In case you’re not aware, the term hydroponic is derived from a Latin word that means “working water”. To put it simply, hydroponics is an art that involves growing various types of plants without soil. If you’re like most people, the first thing that comes to mind when somebody talks about hydroponics would be a picture of plants with roots suspended into the water without using any type of growing medium.


Avoiding Root Rot in Hydroponic Systems

Detecting and identifying root rot can be tricky. When your plants get infected, their leaves and roots gradually wither until the whole crop itself dies from the lack of nutrients, which is a common symptom of many diseases.


What causes root rot in hydroponics?

One of the requirements in hydroponics systems is oxygen. Without it, your plants are basically on the road to death. On the other hand, lack of such is one of the major triggers for root rot, and it must be avoided at all costs.

Just like when planting in soil, you loosen up the ground so that your plants’ roots can have their required intake of oxygen. That is the case for crops grown in aqueous solutions as well. If they cannot breathe, they would not be able to grow.

Another agent for root rot is the temperature. The last thing you would want in your system are parasites that leech nutrients intended for your plants and infect the water during the process. In common terms, these fungi are called molds.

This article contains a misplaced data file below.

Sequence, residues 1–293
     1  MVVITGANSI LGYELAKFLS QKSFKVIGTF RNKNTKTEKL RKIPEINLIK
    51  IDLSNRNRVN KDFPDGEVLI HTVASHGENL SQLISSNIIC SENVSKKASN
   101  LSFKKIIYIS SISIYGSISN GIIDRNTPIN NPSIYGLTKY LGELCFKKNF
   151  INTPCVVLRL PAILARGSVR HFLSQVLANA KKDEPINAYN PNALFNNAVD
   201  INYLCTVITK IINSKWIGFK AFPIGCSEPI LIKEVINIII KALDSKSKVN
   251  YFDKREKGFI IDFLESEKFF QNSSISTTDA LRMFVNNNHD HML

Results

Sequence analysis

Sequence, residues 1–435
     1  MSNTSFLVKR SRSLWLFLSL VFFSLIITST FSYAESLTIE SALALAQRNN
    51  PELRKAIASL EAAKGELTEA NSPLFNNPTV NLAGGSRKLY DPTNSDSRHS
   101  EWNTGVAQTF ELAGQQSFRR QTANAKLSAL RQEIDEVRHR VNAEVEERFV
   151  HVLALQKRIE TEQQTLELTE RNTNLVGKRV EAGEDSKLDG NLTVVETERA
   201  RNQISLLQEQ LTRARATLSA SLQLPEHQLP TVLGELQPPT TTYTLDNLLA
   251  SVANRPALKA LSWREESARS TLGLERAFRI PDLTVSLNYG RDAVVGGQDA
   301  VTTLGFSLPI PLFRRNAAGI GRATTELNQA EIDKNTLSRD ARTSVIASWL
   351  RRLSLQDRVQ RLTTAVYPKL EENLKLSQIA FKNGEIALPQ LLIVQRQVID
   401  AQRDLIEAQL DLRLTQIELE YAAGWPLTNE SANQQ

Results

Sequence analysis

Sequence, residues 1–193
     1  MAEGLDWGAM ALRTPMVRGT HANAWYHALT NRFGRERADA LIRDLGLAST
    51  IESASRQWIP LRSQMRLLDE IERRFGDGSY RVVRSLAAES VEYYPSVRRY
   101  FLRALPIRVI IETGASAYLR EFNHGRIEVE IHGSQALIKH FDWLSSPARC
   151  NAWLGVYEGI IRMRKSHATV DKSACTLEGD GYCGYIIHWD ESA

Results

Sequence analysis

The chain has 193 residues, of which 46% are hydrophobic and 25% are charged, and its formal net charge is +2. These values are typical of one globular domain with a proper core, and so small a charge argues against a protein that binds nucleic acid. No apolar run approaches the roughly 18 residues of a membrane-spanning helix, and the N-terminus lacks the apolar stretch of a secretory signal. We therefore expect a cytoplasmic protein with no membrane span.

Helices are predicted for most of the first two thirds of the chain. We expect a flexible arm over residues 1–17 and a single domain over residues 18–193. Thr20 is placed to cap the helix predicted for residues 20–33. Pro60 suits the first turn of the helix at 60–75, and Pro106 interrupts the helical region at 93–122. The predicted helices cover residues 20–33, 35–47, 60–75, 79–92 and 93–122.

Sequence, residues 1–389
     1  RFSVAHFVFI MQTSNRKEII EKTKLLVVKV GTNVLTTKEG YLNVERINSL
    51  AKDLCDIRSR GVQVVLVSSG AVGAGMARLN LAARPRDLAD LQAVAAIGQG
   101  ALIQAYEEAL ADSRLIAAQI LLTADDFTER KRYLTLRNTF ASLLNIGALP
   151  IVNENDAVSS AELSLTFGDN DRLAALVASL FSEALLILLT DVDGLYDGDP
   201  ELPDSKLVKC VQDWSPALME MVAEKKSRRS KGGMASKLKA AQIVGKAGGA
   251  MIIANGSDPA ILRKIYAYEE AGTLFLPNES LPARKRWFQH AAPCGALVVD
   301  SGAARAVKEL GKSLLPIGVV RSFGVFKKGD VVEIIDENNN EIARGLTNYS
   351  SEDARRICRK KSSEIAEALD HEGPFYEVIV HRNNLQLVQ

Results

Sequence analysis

One of the best breeding grounds for these is warm and moist areas. For this reason, if the water temperature inside your reservoir is high, then you are susceptible to it. Something as minor as letting the solutions exposed to sunlight can already be a risk factor.


3 Useful Tips on How to prevent root rot in hydroponics

There is good news! Root rot in hydroponics can be prevented! Just follow these tips:

Tip#1: Use the right air pump

If you do not want root rot to affect your plants, you merely have to avoid its causes. If you need oxygen, keep the water bubbling by providing an air pump of appropriate size, and also give importance to proper ventilation in the room.


Tip #2: Maintain the temperature

The temperature should be maintained within the 70 to 80 degrees F range. Get rid of any materials that can make your system vulnerable to infections, and make sure not to disturb your crops while they are trying to grow.


Tip #3: Get rid of the rotten parts

However, if you failed in preventing the disease, then the rotten parts should be removed immediately. Cut them off as there is no chance of reviving them, and focus on the potential new growth instead. Fix your hydroponics system and eliminate the risks.


Why Give Greenhouse Gardening a Try?

Greenhouse gardening offers numerous benefits to greens aficionados who dare to take their gardening experience to the next level. Aside from acting as a shield against the effects of inclement weather, a mini, hobby, or semi-pro greenhouse can also serve as a protective layer that keeps harmful bugs and critters at bay.

What’s more, its enclosed structure allows you to control your plants’ growing conditions including the temperature, light, moisture, and ventilation of the greenhouse’s internal environment. With a controlled environment, you’ll be able to extend growing seasons and grow plants that aren’t native to your area.



No matter how well-informed you are about how to prevent root rot in hydroponics, you cannot completely eradicate the risks. Therefore, to avoid the worst-case scenario, you should be prepared to sacrifice the infected for the sake of others. While you’re at it, consider trying your hand at greenhouse gardening as well.